If you see an account that has posted in multiple languages, it’s probably a bot for hire by a variety of clients who speak those languages or target the people who do.

No human being befriends hundreds of other human beings in a month. No months-old Twitter user has thousands of followers. Members of the same botnet befriend and follow each other automatically to fake “popularity,” which some people still equate with credibility.

Perhaps you've met people who will pass along outlandish news stories that can be debunked with 10 seconds of research. When I do, I sometimes message them privately, and ask them nicely to please try and verify before "sharing" such stories. But more often than not, I get silence (or a nasty reply) instead of an apology. You should expect the same.

I do hope you become adept at spotting bots, and at resisting the urge to share emotion-laden posts or tweets without verifying their accuracy and “truthiness,” as Stephen Colbert calls the unwarranted feeling that something must be true just because it agrees with you.

Your thoughts on this topic are welcome. Post your comment or question below.

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Most recent comments on "How to Spot a Bot"

Posted by:

michael mclaughlin
07 Aug 2018

"Whether you believe the Russians interfered in U. S. elections or not"

Bob, in all due respect if one does not believe in Russian interference they are either a Trump supporter or bloody dumb, or both probably.

Posted by:

07 Aug 2018

Please stick to the subject manner Michael. If you continue to stick your political views in here we may soon consider your posts those of a bot.

Posted by:

Richard Alan Dengrove
07 Aug 2018

The problem is that those who take your advice are probably not the people who need it.

Posted by:

07 Aug 2018

I'd get offended too, miger.....if I was a Trump supporter or bloody dumb.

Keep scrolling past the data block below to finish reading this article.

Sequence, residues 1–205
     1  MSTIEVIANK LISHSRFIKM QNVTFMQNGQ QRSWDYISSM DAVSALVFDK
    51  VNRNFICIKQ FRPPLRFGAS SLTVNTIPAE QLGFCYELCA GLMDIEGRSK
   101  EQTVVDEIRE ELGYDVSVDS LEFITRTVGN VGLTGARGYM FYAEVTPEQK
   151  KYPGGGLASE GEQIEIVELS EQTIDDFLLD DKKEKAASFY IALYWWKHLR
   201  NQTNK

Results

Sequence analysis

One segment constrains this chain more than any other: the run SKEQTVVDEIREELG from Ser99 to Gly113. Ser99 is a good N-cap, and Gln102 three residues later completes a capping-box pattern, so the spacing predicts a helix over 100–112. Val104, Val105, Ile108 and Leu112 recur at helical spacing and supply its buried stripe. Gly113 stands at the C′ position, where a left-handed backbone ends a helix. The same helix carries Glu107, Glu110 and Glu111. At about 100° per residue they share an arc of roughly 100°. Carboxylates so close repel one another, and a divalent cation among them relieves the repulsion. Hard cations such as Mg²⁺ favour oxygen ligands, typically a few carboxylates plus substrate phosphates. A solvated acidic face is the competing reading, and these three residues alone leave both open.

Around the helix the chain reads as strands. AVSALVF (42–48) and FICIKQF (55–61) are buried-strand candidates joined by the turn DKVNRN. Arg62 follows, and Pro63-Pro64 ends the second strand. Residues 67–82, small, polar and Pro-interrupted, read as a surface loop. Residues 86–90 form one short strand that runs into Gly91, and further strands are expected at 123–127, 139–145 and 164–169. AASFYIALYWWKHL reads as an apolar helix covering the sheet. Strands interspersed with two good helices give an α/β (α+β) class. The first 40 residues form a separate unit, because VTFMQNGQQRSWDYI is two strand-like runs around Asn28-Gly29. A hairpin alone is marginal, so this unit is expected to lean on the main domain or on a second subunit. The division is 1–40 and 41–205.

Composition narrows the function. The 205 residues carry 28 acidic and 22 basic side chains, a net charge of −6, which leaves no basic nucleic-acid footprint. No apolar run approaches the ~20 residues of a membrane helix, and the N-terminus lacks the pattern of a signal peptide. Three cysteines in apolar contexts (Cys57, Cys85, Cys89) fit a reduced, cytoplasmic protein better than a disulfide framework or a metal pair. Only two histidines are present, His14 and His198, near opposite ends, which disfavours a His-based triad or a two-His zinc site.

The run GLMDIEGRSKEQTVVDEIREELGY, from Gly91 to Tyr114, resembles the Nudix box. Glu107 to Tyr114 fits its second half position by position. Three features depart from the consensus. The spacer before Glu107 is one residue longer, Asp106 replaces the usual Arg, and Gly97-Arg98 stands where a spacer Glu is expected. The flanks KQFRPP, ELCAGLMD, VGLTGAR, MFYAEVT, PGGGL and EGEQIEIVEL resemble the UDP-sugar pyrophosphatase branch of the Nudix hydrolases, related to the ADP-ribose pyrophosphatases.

Posted by:

07 Aug 2018

If you are not a bot, prove by clicking all the comments that have nothing whatsoever to do with the topic.

Posted by:

Ann Swasey
07 Aug 2018

Thanks for posting this. One cannot be too informed. Appreciate all technical and info like this. Keep on being you!

Posted by:

James Archer
07 Aug 2018

Sounds like good advice, but you lost me by quoting Mother Jones, a red flag to credibility. They are notorious far-left progressives not known for honest, objective reporting.

Posted by:

07 Aug 2018

PLEASE stop the politics! Well, it at least lets me know who the garbage-heads are. More on the topic, if you see someone with thousands (or even several hundred) "friends" or "followers" you can, if you think about it, decide that's probably someone to avoid.

Posted by:

Bob Stromberg
07 Aug 2018

Thank you for providing useful tips, including some that I had not thought of before.

I have two emotional tugs about posts that I get excited about.

1 -- Yes! I gotta post this to my timeline (or "retweet this").

2 -- Hm. I feel good when I check out an inflammatory comment. I'll check this one out, too.

It's much less time-consuming (and embarrassing) to check things out ahead of time.